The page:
Featured Research

from universities, journals, and other organizations

Researchers Work To Combat Dangerous Aflatoxins

Date:
September 21, 2000
Source:
American Phytopathological Society
Summary:
There's a fungus among us as the saying goes, and it's one researchers are working hard to eradicate. Recently, plant health scientists, gathered in New Orleans for their Annual Meeting, presented and discussed the latest advancements in controlling the fungi that produce aflatoxins (toxic chemicals that are known to cause cancer in animals).

ST. PAUL, MN (September 11, 2000) -- There's a fungus among us as the saying goes, and it's one researchers are working hard to eradicate. Recently, plant health scientists, gathered in New Orleans for their Annual Meeting, presented and discussed the latest advancements in controlling the fungi that produce aflatoxins (toxic chemicals that are known to cause cancer in animals).

Related Articles


One of the most promising developments reported at the meeting was the identification of genetic resistance to the production of aflatoxins in more than five major crops. According to Donald White, plant pathologist, University of Illinois-Urbana and a presenter at the meeting, "Commercially usable resistant varieties are being developed and will be available to producers sometime in the future." But he is careful to add, "Genetic resistance greatly reduces the amount of aflatoxin, however, it does not completely eliminate it. Therefore, resistance will be most useful when combined with other techniques that lower fungal infection and aflatoxin production."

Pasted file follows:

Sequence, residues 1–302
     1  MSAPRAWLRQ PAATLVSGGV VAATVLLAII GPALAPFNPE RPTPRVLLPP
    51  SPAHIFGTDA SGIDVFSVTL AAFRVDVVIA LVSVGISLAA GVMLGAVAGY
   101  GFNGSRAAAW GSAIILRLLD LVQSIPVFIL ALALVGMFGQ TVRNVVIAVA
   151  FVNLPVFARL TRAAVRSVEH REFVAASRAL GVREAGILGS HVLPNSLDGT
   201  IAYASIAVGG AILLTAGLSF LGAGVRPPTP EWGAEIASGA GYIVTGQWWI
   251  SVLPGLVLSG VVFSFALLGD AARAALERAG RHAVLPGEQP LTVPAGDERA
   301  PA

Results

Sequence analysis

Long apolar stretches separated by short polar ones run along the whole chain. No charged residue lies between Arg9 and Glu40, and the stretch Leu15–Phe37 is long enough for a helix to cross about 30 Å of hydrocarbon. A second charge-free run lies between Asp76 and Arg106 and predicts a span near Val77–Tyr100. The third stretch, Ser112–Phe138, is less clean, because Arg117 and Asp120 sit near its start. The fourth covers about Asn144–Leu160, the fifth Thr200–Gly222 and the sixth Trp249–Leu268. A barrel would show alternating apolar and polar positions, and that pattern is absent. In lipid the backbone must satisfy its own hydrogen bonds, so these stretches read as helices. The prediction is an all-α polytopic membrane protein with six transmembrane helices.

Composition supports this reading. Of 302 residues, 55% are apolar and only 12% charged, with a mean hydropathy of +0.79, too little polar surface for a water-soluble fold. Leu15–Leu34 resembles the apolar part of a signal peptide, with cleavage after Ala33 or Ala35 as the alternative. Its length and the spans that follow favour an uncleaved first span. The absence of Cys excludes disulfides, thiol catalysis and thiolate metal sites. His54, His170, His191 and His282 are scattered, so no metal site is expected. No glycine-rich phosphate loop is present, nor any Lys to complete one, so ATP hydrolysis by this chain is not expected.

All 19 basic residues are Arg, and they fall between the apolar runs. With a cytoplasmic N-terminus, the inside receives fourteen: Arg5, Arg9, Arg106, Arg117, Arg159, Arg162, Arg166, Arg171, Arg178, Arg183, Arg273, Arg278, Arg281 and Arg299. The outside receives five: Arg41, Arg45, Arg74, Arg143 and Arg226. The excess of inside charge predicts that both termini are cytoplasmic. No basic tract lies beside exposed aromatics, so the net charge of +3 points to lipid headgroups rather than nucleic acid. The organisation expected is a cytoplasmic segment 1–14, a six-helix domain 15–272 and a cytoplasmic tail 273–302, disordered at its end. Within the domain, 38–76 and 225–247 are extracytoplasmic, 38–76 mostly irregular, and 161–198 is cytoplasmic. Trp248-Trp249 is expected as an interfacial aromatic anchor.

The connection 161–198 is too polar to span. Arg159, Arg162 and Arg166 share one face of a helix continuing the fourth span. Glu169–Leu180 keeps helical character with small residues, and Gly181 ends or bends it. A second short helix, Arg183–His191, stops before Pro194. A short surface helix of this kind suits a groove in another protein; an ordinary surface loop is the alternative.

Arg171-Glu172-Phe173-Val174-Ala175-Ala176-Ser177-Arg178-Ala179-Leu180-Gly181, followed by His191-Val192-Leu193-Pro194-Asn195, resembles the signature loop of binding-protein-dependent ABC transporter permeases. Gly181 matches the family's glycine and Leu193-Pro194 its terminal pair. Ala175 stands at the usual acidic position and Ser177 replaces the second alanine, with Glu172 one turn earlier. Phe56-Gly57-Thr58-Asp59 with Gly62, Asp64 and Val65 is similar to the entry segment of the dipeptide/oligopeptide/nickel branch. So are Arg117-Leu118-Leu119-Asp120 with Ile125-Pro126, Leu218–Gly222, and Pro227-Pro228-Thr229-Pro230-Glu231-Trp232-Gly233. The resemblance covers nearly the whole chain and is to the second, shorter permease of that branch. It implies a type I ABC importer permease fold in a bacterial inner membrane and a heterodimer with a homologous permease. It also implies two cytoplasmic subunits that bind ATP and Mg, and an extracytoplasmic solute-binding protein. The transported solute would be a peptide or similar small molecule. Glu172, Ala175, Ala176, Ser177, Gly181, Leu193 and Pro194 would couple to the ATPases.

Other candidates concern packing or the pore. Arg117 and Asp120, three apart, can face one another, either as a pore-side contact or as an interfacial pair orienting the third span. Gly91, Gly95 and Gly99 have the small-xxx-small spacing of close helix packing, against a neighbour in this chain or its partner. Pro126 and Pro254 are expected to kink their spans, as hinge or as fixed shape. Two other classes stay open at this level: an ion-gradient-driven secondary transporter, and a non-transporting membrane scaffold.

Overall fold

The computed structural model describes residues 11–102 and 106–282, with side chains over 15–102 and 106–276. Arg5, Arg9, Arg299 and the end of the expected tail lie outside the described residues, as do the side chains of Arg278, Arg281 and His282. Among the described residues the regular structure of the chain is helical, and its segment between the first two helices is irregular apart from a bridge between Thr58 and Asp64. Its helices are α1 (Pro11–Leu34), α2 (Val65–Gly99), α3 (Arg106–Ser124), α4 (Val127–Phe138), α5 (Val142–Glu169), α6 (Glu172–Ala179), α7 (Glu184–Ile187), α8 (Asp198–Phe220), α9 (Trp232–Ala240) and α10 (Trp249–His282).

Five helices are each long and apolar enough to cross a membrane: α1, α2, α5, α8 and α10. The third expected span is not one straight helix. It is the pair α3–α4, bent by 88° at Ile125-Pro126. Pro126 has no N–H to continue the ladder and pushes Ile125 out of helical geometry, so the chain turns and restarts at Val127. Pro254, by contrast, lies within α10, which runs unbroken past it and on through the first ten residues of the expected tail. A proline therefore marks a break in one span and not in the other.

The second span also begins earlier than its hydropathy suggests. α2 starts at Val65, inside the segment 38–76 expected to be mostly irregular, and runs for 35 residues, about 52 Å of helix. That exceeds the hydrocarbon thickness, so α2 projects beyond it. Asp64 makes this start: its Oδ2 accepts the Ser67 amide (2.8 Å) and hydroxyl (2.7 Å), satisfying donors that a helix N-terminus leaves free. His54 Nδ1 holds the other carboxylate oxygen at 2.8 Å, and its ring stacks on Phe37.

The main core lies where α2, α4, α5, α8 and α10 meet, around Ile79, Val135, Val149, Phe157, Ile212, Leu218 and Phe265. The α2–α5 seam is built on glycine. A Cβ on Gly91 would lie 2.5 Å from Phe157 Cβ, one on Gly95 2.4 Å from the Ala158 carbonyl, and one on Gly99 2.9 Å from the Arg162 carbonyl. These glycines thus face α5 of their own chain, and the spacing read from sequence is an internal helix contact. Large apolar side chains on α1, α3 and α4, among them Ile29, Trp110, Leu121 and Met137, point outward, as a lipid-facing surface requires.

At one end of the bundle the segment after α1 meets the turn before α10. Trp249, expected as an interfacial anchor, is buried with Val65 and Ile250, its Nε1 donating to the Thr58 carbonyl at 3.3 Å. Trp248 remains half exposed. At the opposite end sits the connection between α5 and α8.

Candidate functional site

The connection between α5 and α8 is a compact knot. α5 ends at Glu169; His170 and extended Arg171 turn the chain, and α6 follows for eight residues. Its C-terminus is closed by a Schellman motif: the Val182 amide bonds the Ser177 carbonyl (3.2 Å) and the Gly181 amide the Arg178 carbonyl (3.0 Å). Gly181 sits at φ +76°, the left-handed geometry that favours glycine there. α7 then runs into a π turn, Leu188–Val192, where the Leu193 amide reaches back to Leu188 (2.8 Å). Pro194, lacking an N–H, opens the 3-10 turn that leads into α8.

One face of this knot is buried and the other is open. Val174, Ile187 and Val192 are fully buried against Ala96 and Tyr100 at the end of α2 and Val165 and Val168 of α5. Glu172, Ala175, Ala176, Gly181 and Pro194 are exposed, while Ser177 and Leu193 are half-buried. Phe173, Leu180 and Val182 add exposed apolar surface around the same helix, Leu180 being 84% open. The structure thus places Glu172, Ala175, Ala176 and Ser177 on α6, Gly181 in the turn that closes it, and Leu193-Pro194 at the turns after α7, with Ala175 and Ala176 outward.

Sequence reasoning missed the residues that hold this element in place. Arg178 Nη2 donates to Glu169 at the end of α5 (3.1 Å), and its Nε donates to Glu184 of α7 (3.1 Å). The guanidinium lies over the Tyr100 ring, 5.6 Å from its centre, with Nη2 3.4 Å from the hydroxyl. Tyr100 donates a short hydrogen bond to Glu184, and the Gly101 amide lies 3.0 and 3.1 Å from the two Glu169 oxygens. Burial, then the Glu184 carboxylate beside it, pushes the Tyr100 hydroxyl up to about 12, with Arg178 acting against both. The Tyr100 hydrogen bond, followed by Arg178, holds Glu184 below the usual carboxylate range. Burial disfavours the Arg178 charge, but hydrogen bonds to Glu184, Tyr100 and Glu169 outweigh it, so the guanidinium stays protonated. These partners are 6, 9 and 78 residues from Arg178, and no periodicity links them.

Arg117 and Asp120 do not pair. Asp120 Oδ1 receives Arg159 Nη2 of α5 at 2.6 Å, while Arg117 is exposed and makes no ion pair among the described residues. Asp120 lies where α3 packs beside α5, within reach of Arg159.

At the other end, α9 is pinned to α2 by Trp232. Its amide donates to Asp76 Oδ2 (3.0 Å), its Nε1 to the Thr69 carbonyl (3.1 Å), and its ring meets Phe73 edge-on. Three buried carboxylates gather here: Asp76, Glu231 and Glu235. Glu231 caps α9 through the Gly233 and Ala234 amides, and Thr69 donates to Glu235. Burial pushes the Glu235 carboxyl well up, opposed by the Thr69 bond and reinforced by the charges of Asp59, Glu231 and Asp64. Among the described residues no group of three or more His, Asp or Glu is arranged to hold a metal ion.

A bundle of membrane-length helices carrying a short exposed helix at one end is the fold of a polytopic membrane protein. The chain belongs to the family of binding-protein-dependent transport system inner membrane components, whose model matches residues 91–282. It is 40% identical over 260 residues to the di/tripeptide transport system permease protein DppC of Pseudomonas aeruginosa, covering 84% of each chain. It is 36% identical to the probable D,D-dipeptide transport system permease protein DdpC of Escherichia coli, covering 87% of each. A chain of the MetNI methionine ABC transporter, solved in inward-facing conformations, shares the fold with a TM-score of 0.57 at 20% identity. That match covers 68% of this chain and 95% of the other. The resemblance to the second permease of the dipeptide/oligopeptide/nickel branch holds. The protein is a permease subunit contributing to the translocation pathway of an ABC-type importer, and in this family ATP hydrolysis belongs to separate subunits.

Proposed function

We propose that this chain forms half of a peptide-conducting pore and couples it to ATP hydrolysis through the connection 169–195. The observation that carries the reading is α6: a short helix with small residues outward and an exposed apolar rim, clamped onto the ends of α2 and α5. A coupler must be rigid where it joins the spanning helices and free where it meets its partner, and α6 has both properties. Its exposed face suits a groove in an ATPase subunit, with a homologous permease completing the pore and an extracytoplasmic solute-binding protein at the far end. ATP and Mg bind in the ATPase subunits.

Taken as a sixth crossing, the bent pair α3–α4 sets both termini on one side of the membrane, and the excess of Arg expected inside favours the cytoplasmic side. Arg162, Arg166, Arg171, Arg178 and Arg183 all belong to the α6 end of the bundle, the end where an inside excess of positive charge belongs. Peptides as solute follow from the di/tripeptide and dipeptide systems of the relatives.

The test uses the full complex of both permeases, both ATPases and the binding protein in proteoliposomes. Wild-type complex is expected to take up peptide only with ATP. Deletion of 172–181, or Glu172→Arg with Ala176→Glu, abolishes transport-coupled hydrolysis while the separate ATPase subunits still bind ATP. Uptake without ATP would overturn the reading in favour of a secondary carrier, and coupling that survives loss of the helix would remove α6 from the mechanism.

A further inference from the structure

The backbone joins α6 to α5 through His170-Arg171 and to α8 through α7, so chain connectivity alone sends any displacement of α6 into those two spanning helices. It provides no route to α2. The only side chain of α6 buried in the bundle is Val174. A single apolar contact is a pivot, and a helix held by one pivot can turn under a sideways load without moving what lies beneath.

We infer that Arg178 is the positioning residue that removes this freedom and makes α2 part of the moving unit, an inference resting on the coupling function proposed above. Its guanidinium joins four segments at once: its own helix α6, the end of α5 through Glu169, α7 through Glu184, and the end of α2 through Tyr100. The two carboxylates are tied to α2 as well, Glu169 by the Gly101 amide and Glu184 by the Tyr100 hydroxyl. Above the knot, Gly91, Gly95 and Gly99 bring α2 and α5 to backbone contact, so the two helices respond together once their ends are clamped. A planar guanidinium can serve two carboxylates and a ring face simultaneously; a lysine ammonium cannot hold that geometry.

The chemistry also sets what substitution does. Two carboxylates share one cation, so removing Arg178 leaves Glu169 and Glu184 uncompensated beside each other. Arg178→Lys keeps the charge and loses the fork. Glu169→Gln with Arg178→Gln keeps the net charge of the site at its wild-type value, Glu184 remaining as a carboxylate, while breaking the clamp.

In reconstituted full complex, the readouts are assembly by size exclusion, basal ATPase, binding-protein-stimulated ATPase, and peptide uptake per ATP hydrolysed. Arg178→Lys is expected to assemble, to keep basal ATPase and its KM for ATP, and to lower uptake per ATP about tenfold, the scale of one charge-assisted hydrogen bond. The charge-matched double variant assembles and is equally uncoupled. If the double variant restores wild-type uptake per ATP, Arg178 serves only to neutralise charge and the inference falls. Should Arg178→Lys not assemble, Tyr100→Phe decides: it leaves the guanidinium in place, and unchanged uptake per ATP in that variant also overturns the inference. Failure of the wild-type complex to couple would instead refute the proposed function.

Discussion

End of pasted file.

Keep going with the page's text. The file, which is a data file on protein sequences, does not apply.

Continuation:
The other techniques he's referring to involve crop management practices that help discourage the growth of the fungus that causes aflatoxins to be produced in the first place. States Themis Michailides, a plant pathologist at the University of California-Davis "We've made progress on several fronts in our efforts to reduce contamination of crops with aflatoxins. Not only with biotechnology and genetic resistance, but also in our understanding of how simple crop management practices like irrigation to avoid drought stress, early harvesting and careful handling can significantly reduce aflatoxin content in crops."